Charles Stanley

In Matthew 12, Jesus talked about the unpardonable sin. Christians sometimes misconstrue His comments and end up fearful that they could commit an unforgivable offense. The context of today's passage helps us understand why that is not the case.

Christ used the power of the Holy Spirit to heal a demon-possessed man who was deaf and mute. Amazed onlookers began to suspect He was the promised Messiah (Matthew 12:22), so religious leaders tried to quell the crowd's growing excitement: they claimed the Lord was Satan's fellow worker, who had used the Devil's power to accomplish this miracle. Christ refuted their statement and in Matthew 12:32 said, "Whoever speaks against the Holy Spirit, it shall not be forgiven him."

Jesus' comments addressed a very specific situation unique to His time. Though the Pharisees had themselves seen the Lord heal many people through the Spirit, they attributed the miraculous work to Satan. Jesus declared that this sin—claiming that God's Holy Spirit was the unclean spirit of the Devil—was unforgivable.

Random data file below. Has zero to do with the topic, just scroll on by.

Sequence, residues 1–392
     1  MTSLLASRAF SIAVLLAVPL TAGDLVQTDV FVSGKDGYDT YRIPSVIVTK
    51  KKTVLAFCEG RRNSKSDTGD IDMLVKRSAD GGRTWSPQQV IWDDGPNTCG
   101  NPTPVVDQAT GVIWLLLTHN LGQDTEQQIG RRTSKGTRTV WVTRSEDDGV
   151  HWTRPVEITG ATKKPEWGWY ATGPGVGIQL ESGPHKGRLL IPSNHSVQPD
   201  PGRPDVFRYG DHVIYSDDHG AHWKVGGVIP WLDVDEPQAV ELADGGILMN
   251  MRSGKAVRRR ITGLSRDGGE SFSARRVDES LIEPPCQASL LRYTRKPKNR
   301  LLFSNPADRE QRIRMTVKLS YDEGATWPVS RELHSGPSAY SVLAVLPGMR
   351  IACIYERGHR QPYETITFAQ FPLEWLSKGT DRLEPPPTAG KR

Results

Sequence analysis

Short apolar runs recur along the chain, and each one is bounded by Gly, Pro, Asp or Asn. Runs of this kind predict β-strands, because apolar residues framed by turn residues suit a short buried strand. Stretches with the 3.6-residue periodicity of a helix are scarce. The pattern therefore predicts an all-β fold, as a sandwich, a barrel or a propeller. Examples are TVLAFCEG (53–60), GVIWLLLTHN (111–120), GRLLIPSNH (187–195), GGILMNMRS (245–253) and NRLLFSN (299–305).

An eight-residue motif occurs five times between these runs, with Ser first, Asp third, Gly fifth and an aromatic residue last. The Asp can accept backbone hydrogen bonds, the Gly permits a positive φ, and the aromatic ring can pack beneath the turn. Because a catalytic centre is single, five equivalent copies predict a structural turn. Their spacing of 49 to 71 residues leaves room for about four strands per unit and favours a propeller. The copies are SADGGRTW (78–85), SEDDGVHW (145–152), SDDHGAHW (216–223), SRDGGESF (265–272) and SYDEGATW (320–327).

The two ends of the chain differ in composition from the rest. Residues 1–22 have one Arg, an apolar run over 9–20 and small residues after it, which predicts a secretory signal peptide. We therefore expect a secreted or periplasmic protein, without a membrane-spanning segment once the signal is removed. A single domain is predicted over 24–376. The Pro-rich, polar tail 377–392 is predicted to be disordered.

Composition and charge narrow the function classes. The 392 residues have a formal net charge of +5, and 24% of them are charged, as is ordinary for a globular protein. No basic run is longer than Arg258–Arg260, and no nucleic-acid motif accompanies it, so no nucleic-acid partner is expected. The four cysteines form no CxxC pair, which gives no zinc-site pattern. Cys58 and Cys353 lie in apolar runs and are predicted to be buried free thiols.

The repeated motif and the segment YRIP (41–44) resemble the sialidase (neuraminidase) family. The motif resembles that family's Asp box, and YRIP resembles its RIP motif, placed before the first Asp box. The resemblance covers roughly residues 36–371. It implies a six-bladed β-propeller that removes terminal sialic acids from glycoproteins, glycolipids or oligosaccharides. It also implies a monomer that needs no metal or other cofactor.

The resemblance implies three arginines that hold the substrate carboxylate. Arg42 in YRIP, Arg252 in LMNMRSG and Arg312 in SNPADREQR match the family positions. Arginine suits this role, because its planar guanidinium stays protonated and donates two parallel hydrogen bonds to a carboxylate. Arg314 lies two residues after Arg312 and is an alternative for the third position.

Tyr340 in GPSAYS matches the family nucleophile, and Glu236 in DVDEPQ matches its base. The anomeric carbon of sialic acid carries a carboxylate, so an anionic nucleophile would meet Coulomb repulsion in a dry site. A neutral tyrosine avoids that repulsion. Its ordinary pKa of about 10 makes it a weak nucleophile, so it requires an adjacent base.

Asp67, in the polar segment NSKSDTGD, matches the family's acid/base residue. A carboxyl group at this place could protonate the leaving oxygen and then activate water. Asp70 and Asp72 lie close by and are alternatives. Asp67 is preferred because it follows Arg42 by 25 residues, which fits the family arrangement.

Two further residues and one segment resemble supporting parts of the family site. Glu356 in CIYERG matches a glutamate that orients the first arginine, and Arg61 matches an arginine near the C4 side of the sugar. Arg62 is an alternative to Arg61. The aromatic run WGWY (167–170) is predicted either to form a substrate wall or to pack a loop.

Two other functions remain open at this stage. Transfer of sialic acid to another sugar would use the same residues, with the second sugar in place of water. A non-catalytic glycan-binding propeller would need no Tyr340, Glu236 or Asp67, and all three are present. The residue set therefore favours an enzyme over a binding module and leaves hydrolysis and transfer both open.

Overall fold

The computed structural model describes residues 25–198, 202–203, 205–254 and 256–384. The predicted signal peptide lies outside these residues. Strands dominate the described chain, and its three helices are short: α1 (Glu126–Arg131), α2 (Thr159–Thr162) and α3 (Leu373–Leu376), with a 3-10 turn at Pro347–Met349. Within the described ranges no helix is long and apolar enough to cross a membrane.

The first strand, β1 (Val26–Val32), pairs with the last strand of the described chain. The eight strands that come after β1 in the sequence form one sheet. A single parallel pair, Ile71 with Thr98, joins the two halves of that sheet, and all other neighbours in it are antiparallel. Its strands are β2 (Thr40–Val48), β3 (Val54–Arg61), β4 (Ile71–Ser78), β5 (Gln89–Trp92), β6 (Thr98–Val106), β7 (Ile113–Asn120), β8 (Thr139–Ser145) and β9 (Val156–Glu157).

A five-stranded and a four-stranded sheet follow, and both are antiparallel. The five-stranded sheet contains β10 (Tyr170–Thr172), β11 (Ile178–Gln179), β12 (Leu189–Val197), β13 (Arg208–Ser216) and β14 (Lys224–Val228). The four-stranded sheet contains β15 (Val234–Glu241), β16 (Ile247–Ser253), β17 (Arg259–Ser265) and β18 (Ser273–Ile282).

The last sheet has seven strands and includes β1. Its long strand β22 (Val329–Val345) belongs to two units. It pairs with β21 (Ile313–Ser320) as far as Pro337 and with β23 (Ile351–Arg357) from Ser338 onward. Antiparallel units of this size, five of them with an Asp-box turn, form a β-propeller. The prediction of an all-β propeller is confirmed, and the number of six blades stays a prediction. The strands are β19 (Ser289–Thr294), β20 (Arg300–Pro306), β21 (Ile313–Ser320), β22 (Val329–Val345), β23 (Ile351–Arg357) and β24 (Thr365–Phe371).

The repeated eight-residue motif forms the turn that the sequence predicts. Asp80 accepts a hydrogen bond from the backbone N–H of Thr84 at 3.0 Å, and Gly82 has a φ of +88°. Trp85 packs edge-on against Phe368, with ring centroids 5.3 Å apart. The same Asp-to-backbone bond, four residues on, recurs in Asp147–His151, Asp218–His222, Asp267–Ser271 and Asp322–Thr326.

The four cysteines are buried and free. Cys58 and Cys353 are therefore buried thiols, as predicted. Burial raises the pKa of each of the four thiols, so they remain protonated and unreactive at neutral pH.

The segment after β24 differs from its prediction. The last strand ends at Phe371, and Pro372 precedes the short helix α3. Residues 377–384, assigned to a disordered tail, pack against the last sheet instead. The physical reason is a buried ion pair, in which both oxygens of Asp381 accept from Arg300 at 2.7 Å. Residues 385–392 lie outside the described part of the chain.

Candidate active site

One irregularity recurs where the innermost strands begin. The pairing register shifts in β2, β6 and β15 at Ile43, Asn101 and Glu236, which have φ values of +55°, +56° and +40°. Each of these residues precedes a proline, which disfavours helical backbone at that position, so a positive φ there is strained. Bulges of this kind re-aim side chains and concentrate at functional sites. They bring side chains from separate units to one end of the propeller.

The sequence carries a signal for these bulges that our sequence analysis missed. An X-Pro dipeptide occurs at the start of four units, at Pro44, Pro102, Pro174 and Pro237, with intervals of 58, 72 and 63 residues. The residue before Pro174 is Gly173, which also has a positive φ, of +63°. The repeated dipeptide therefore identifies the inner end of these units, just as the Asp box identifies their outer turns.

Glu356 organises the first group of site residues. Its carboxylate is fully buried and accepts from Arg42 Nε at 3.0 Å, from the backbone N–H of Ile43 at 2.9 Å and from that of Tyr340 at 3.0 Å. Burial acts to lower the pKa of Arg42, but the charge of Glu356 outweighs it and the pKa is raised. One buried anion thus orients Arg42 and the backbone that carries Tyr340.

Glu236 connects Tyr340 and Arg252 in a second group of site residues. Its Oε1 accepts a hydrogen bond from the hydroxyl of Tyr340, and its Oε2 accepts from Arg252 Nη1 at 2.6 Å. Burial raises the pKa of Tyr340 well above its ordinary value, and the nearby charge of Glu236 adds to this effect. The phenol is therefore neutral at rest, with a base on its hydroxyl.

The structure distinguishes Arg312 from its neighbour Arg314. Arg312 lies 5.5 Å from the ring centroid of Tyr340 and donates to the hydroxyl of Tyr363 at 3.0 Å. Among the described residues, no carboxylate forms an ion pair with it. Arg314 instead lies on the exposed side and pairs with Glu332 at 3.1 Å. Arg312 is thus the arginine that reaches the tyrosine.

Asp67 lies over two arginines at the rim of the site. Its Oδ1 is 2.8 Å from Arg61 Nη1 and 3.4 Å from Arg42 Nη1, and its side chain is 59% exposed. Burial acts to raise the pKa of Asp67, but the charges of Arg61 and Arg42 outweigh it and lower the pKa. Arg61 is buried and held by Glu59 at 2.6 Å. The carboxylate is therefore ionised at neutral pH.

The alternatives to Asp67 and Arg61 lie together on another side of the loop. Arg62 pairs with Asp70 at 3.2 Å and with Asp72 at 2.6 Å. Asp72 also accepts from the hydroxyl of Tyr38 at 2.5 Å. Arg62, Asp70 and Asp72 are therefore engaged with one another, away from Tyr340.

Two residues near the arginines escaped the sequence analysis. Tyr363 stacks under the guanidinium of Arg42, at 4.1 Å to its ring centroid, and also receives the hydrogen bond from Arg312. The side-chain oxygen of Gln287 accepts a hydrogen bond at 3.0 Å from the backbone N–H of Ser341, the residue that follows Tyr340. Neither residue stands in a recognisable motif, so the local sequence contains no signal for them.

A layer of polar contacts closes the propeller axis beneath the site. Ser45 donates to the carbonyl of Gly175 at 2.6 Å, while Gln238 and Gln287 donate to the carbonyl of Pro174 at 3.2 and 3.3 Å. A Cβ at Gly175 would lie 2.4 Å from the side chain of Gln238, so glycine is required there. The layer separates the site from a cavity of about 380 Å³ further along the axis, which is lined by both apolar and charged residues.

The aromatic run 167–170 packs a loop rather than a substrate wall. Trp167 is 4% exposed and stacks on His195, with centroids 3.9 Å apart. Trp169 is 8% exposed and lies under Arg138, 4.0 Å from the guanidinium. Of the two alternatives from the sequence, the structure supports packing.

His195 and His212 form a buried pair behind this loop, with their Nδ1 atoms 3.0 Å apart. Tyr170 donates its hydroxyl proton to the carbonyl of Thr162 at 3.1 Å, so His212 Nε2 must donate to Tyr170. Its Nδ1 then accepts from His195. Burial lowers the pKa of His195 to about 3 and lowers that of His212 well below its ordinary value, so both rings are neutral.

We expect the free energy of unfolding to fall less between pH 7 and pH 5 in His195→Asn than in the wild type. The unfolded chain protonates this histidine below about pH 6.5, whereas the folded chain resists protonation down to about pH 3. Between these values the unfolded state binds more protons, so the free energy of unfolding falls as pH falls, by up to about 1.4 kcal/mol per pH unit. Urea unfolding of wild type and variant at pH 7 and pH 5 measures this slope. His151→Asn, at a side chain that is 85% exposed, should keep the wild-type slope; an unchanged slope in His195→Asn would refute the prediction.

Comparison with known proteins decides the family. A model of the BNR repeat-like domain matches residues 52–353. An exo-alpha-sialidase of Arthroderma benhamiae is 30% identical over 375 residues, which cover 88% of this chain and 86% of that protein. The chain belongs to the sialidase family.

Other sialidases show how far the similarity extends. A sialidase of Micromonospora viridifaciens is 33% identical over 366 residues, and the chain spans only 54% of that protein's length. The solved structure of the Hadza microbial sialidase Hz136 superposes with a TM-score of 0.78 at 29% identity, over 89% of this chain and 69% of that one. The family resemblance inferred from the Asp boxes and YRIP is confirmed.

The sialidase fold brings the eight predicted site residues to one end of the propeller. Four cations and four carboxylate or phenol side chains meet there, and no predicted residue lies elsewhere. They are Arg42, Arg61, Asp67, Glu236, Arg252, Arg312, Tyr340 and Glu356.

The sin was blasphemy, done deliberately and without repentance, by knowledgeable religious people, despite irrefutable evidence to the contrary. This situation - personally witnessing Jesus' miracles and blaspheming the Spirit - cannot be repeated today.

Numerous New Testament verses assure us that no iniquity committed today is beyond the scope of divine forgiveness. The unpardonable sin Jesus referred to was something that could take place only when He lived on earth. So if guilt threatens to overwhelm you, read Romans 8:1 with gratitude.

Taken from "What Is the Unpardonable Sin?" by In Touch Ministries (used by permission).